Can a university not pay for teaching students who later drop out?

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Can a university not pay for teaching students who later drop out?

The online university where I teach pays by the student; full-time instructors have yearly quotas and part-time instructors are paid a dollar amount per student taught. The university, however, only pays for those students who remain enrolled for at least 60% of the course. Any students who drop at the 50% mark are not counted in our quotas or paid for when part-time wages are calculated. Our time teaching those students, who quit for a variety of reasons, is completely uncompensated. Is this legal?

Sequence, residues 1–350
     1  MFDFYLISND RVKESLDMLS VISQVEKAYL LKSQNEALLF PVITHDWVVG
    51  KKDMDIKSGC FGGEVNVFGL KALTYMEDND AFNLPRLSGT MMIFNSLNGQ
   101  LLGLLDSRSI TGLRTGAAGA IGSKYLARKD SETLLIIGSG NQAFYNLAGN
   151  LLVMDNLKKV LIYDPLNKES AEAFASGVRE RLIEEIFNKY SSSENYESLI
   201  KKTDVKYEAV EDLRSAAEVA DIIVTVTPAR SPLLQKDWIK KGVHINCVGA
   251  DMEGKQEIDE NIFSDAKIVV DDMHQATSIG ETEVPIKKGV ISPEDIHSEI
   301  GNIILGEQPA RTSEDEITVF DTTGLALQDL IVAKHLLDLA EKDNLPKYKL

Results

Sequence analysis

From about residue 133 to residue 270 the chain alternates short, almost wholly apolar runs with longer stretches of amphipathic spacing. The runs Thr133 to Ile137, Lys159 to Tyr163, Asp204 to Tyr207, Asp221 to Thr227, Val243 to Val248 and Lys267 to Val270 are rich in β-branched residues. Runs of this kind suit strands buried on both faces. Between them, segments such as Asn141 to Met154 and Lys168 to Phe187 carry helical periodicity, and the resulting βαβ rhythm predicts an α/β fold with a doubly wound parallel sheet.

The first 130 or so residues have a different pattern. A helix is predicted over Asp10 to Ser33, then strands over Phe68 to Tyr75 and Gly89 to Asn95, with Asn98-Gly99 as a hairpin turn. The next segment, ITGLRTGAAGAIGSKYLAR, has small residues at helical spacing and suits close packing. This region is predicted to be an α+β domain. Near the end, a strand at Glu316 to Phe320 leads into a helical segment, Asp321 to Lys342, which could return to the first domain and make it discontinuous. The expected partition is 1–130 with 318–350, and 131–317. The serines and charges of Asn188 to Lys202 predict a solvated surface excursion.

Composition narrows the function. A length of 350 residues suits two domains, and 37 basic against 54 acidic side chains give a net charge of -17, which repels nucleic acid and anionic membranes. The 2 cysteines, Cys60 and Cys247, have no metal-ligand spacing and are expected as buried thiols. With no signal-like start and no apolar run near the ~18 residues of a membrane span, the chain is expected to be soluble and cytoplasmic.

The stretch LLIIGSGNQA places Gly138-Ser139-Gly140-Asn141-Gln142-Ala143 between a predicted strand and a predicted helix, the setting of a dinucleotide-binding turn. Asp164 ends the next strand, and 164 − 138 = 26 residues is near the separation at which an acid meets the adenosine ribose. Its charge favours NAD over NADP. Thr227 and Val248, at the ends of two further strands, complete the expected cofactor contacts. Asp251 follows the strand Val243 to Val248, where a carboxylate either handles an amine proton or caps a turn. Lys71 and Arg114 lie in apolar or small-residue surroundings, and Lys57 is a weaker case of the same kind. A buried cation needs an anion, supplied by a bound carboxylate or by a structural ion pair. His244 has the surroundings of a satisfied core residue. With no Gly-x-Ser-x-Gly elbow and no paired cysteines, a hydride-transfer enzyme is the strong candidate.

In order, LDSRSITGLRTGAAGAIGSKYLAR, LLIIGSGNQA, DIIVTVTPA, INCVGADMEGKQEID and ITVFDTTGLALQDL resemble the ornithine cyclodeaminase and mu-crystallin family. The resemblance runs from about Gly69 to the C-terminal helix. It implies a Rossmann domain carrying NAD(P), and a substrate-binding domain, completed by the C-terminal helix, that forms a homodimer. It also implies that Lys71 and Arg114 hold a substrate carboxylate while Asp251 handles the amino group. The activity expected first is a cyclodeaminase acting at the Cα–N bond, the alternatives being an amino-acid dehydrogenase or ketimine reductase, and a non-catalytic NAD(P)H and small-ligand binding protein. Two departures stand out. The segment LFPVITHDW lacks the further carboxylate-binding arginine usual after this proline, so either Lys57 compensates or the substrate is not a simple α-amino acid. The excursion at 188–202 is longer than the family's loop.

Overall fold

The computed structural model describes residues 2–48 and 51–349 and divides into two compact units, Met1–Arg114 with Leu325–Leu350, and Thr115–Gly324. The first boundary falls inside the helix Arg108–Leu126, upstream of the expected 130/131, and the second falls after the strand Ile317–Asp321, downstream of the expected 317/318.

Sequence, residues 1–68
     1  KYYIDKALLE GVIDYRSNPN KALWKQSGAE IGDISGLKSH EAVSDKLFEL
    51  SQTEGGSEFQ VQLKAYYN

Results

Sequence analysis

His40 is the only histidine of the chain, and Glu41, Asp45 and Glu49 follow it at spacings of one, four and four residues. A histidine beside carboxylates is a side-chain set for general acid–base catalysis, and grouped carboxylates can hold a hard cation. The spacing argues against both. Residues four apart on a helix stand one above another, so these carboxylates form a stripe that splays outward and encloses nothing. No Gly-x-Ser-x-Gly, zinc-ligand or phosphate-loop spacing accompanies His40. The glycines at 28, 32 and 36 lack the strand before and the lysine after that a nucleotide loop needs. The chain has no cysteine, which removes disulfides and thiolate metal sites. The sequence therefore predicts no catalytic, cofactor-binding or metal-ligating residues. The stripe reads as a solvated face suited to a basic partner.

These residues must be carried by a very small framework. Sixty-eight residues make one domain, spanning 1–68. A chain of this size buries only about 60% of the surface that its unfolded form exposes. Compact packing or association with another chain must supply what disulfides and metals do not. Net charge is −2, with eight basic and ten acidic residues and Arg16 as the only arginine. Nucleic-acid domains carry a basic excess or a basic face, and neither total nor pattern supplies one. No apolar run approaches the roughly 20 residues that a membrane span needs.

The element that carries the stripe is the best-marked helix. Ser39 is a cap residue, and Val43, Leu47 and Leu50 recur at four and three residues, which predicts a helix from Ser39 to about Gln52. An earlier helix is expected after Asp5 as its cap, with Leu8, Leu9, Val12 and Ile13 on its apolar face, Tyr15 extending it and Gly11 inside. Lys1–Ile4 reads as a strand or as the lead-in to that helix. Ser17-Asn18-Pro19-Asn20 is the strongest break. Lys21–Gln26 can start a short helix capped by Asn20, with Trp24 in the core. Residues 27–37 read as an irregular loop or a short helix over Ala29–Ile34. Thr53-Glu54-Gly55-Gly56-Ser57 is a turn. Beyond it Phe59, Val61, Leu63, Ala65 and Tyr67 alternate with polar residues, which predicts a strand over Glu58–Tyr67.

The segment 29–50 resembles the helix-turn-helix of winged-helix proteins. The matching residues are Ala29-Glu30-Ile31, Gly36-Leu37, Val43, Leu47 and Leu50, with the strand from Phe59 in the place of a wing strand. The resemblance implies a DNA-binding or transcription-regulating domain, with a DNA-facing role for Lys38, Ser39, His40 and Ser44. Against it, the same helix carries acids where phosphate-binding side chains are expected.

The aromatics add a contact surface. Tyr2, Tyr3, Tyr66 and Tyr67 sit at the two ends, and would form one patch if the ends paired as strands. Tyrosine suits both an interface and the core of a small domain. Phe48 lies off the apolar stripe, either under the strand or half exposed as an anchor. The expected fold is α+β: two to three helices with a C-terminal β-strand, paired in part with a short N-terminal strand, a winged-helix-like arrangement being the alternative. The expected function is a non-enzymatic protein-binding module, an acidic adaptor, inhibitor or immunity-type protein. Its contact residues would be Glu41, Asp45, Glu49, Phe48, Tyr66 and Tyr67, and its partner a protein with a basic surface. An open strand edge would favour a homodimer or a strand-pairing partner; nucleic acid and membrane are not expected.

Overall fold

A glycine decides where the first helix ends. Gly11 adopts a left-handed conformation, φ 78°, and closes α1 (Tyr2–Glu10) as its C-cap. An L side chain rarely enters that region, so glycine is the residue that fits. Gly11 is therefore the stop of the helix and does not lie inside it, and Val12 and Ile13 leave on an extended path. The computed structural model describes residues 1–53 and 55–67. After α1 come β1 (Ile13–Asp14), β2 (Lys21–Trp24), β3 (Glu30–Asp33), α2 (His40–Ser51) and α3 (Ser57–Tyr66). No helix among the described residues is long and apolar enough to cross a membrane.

Asked on August 13, 2019 under Employment Labor Law, West Virginia

Answers:

SJZ, Member, New York Bar / FreeAdvice Contributing Attorney

Answered 1 year ago | Contributor

It is legal as long as 1) you are aware of that rule or condition, so you could be said or considered to have agree to it by working there with knowledge of the rule; and 2) you still end up getting at least the equivalent of minimum wage. Employer's can pay you based on students taught (or projects completed, customers serviced, etc.) and can have a rule that you are only paid if they compete a minimum amount or portion of the class.


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